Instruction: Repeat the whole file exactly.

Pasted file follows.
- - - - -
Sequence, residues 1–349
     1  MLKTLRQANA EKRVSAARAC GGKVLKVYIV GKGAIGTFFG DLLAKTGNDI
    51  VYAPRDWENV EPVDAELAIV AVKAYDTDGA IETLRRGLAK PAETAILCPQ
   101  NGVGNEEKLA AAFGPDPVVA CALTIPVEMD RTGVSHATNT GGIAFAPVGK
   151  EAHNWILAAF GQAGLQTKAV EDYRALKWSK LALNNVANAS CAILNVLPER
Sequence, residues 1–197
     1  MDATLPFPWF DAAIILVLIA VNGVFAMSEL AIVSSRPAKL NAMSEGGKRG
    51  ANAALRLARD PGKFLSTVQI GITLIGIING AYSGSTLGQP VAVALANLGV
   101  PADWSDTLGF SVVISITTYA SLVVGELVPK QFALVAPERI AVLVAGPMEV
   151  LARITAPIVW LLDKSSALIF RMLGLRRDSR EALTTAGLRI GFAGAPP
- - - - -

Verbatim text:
Sequence, residues 1–349
     1  MLKTLRQANA EKRVSAARAC GGKVLKVYIV GKGAIGTFFG DLLAKTGNDI
    51  VYAPRDWENV EPVDAELAIV AVKAYDTDGA IETLRRGLAK PAETAILCPQ
   101  NGVGNEEKLA AAFGPDPVVA CALTIPVEMD RTGVSHATNT GGIAFAPVGK
   151  EAHNWILAAF GQAGLQTKAV EDYRALKWSK LALNNVANAS CAILNVLPER
Sequence, residues 1–197
     1  MDATLPFPWF DAAIILVLIA VNGVFAMSEL AIVSSRPAKL NAMSEGGKRG
    51  ANAALRLARD PGKFLSTVQI GITLIGIING AYSGSTLGQP VAVALANLGV
   101  PADWSDTLGF SVVISITTYA SLVVGELVPK QFALVAPERI AVLVAGPMEV
   151  LARITAPIVW LLDKSSALIF RMLGLRRDSR EALTTAGLRI GFAGAPP